Primaries bill set for final vote without controversial clause

“Knesset members should represent the interests of the public and not of those who write them checks,” says Coalition chairman.

By
December 24, 2017 20:42
1 minute read.
The Labor primary election, July 4 2017.

The Labor primary election, July 4 2017.. (photo credit: MARC ISRAEL SELLEM/THE JERUSALEM POST)

The Knesset Interior Committee voted Sunday to advance to its final readings of committee and coalition chairman David Amsalem’s controversial bill that would provide government funding for candidates in primary elections.

But before advancing the legislation to its final votes in the Knesset plenum next week, the committee decided to remove a clause in the bill that would have provided funding even for those parties that do not hold primaries – to the tune of NIS 50,000 for every mandate they received in the most recent national election.

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The bill would still allow funding for primary candidates if three conditions are met: the party has at least 5,000 members, its party list is mostly democratically elected, and the primaries take place in the sixmonth period before a Knesset election.

If these conditions are met, the candidates would receive funding for all their campaign expenses but would not be allowed to otherwise raise funds.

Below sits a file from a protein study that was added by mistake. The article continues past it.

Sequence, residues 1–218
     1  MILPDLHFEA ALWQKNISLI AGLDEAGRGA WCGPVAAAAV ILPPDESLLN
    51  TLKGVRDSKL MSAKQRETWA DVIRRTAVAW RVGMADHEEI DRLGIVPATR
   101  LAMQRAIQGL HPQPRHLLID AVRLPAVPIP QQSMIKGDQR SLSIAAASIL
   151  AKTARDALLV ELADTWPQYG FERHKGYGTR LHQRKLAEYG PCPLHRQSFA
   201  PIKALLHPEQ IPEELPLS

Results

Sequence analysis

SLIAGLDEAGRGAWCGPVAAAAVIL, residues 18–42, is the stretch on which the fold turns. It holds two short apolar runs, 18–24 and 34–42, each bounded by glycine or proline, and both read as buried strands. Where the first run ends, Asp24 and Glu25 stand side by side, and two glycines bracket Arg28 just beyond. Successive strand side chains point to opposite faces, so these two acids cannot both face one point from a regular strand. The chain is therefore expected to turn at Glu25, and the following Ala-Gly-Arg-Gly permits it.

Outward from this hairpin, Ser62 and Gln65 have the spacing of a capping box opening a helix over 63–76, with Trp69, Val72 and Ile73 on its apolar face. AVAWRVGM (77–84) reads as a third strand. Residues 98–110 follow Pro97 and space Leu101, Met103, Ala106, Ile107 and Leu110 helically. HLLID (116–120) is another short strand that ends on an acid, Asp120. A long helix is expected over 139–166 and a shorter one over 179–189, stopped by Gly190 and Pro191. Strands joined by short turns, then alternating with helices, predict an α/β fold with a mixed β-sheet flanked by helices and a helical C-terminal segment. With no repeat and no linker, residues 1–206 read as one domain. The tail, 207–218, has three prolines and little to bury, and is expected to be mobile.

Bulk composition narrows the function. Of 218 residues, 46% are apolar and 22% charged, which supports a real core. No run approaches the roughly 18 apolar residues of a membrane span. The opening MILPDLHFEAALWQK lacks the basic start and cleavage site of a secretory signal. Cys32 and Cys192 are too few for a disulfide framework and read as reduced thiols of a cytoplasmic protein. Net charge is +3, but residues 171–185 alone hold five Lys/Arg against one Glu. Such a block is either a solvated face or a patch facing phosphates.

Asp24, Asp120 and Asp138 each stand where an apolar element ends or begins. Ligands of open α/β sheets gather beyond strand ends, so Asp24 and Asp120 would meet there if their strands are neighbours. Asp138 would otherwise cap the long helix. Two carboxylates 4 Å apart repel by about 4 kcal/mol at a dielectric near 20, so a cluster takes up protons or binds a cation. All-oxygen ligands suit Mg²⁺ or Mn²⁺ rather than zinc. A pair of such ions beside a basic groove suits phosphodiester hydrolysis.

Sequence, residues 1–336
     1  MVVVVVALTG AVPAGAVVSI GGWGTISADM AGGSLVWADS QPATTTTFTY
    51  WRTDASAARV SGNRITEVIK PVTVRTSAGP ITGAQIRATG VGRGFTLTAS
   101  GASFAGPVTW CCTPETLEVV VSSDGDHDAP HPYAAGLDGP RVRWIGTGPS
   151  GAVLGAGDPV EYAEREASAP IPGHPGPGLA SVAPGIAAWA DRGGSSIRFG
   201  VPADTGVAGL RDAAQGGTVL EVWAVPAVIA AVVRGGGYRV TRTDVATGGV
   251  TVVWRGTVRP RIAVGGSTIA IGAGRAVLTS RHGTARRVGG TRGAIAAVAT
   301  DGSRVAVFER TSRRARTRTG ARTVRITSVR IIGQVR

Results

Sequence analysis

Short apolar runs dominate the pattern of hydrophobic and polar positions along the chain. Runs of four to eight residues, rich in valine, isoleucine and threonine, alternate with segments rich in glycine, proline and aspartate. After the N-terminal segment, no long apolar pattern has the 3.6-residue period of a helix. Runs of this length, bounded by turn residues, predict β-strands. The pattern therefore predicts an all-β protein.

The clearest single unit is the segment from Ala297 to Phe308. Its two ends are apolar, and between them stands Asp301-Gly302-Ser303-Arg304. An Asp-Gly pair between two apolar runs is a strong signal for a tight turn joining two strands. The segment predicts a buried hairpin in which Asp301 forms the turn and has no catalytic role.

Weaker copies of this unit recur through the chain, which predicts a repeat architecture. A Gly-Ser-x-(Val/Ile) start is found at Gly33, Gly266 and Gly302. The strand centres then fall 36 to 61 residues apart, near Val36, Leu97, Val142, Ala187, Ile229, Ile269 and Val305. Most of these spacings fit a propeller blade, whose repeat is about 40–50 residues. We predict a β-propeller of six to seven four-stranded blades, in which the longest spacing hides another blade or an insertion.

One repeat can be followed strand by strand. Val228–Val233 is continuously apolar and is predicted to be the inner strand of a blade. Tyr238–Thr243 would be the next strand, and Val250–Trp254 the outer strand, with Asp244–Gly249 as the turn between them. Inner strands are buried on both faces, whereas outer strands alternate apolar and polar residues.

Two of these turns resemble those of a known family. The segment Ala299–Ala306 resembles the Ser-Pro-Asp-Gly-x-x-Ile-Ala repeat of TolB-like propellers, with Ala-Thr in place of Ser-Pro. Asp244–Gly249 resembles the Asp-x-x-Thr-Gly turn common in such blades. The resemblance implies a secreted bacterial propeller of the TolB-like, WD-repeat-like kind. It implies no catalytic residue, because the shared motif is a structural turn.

In the current system, parties receive taxpayer funds for national elections, but candidates fund races in party primaries on their own, taking donations from contributors in Israel and around the world.

Amsalem called the bill one of the most important that would be passed by the current Knesset. He said it would help prevent the influence of tycoons on politicians.

“Knesset members should represent the interests of the public and not of those who write them checks,” Amsalem said.

Yesh Atid MK Aliza Lavie said she was glad that what she called “the political bribery clause” was removed from the bill but that the legislation still discriminated against new candidates in favor of incumbents.

“This is another example of politicians dealing only with themselves and guaranteeing their place in the next Knesset at a cost of tens of millions of shekels to the taxpayers,” Lavie said.

Israel Democracy Institute president Yohanan Plesner said the bill would create inequality among Knesset candidates and that a better solution would have been to have the state fund the primaries of the parties in order to encourage them to be more democratic and not to fund the campaigns of individual candidates.


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